EDUCATION FOR PEACE .
An article by Ntumba Luaba, KBC TV
Over the past five decades, the youth have played a central role in the numerous violent conflicts that have afflicted the African Great Lakes Region. Young people have most conspicuously been active participants in the hundreds of armed groups that have traversed the region since independence in the 1960s, operating across sovereign borders with an unsettling ease and leaving great devastation in their wake. The UN estimates that over six million civilians have lost their lives since the 1990s alone, and that the civil wars, genocides and cross-border conflicts in the region have produced the world’s highest number of fatalities since the Second World War.
Photo of Ntumba Luaba from Radio Okapi
The existence of deeply entrenched stereotypes based on ethnicity or nationality has been a key impediment for the prospects of peace in the region. These stereotypes, marinated over the decades, have long been internalised by local communities and have regrettably been handed down to successive generations, breeding hatred and placing the region’s youth in a vulnerable position for manipulation into violent conflict. As a result, many of armed groups recruit youth into their ranks through manipulation and the promise of economic reward. Cases of outright coercion of the youth have also been documented.
Numerous efforts have been undertaken over time and at different levels in an attempt to ameliorate this state of affairs, but significant change has not yet been achieved. It is understandable that much of these efforts place priority on post-conflict reconstruction. The result has been that most interventions have overlooked the fact that the process of effectively countering hatred requires us to begin by planting the seed of peace. Building sustainable peace is a long-term process which, considering the cross-border nature of the region’s conflicts, demands that we perceptualize our peacebuilding efforts from both the local and regional levels. For any peacebuilding effort to stand a chance of success in the Great Lakes region, it must also target the emancipation of the youth from the ethnic or nationalistic encumbrances that make them easy targets for recruitment or mobilization into conflict action.
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A research study carried out in 2014 by the NGO Interpeace and six partner organizations in Rwanda, Burundi and the eastern part of the Democratic Republic of Congo (DRC) found that the people in the region generally agreed that ethnic hatred is a fundamental problem in the Great Lakes region. The research also found that people across the three bordering countries endorsed peace education as a priority intervention that would both strengthen existing peacebuilding efforts and more importantly help in the prevention of conflict among future generations. The findings of this research resonate closely with the mandate of the International Conference on the Great Lakes Region (ICGLR) to promote a comprehensive approach to peace and stability in the region, a mandate that includes empowering the region’s youth to become agents of peace.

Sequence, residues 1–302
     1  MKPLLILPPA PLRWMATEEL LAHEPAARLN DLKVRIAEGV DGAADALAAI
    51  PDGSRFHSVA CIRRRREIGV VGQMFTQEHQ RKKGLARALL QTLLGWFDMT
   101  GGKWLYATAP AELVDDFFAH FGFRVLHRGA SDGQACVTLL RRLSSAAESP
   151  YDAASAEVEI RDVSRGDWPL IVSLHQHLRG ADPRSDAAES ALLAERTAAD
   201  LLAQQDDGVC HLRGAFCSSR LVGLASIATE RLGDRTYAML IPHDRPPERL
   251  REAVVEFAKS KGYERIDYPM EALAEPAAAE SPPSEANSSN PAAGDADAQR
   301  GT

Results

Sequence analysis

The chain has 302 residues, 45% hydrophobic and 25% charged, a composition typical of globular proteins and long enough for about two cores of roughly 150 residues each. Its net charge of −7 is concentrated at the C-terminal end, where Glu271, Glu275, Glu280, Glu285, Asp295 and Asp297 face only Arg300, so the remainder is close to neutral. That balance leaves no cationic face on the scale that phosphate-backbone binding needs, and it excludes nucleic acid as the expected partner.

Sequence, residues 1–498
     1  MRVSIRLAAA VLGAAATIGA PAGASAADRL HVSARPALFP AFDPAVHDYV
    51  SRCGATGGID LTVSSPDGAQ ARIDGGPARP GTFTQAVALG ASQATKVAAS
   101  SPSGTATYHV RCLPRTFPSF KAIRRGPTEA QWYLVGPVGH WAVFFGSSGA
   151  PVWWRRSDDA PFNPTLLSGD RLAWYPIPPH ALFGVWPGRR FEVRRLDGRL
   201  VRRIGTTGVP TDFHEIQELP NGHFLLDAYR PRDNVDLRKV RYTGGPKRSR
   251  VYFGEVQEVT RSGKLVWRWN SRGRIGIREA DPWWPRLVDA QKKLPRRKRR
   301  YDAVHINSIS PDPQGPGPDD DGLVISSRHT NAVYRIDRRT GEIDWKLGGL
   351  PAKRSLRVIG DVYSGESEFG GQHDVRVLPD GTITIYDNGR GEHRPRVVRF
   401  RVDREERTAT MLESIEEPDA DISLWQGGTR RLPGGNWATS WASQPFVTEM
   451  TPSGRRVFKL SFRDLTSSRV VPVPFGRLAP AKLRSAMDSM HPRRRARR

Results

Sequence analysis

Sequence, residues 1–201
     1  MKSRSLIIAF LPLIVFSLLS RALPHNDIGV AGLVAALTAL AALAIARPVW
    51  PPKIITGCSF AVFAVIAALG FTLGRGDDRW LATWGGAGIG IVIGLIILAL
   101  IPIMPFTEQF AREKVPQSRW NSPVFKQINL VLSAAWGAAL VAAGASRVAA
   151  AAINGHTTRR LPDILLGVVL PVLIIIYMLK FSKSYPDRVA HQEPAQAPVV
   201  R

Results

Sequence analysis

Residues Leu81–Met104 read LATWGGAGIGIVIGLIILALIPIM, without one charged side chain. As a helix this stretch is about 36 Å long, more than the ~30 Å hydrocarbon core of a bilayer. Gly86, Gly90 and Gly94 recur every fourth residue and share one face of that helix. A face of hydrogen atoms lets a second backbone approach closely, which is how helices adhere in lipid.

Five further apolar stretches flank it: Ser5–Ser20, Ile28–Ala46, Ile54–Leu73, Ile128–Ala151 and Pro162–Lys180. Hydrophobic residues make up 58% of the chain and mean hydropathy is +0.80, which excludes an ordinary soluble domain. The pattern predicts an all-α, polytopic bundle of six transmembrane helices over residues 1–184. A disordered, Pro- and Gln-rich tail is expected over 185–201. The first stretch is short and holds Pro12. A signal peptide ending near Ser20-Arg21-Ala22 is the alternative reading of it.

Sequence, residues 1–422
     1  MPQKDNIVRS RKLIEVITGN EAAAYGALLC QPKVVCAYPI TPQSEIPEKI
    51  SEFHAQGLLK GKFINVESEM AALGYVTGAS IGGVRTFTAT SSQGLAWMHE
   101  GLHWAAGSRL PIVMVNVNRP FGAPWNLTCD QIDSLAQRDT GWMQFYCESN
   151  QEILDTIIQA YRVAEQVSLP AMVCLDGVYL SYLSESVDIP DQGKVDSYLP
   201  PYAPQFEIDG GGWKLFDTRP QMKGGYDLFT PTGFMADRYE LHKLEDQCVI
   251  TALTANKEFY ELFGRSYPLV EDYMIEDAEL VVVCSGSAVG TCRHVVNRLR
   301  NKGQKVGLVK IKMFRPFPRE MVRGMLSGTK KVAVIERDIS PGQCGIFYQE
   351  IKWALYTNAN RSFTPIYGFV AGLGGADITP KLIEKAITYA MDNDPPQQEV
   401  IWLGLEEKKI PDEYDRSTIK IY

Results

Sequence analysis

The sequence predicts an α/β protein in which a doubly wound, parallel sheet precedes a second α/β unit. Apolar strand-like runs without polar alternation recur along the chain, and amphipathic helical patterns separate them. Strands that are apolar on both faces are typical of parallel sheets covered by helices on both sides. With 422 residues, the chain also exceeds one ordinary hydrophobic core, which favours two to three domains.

The ICGLR and Interpeace are partners in the promotion of peace in the Great Lakes region. In December 2015, the two organizations signed a Memorandum of Understanding, creating a powerful synergy in which the ICGLR brings its clout as an intergovernmental body tasked to facilitate the promotion of peace and stability in the Great Lakes region, and Interpeace contributes its unique experience and capacity to bridge between high level actors at the national and international levels, Civil Society Organizations (CSOs) and local populations at the grassroots level.
We have a strong conviction that peace education offers the promise of nurturing a new generation of youth into vanguards of peace in the Great Lakes Region. It is on this premise that the ICGLR and Interpeace will bring together key stakeholders from the region to a Peace Education Summit in Nairobi on 3 – 4 March 2016. The summit will focus on the promotion of a harmonized understanding of formal peace education in the region. The Nairobi Summit is by no means a singular engagement. It is rather a pilot initiative that could hopefully be expanded across all ICGLR member states because peace education is an invaluable investment for the future peace, security and prosperity of all member states, as well as the entire African continent.
Building peace is a collective effort in which every citizen and every stakeholder in the Great Lakes region has a role to play. We therefore call upon all key actors, particularly our member states, CSOs, other regional organizations and donor partners to embrace the idea of peace education as a preventive measure, to help us plant this seed for lasting peace in the region.
Professor Ntumba Luaba is the Executive Secretary of the International Conference on the Great Lakes Region (ICGLR), an Intergovernmental Organization established on the initiative of the African Union and the UN as a regional mechanism for peace, security, stability and development. ICGLR’s 12 core member states are Angola, Burundi, the Central African Republic (CAR), the Republic of the Congo, the Democratic Republic of Congo (DRC), Kenya, Rwanda, South Sudan, Sudan, Tanzania, Uganda and Zambia. It additionally has seven co-opted member states, namely Botswana, Ethiopia, Egypt, Malawi, Mozambique, Namibia and Zimbabwe.
(Thank you to the Global Campaign for Peace Education for distributing this article.)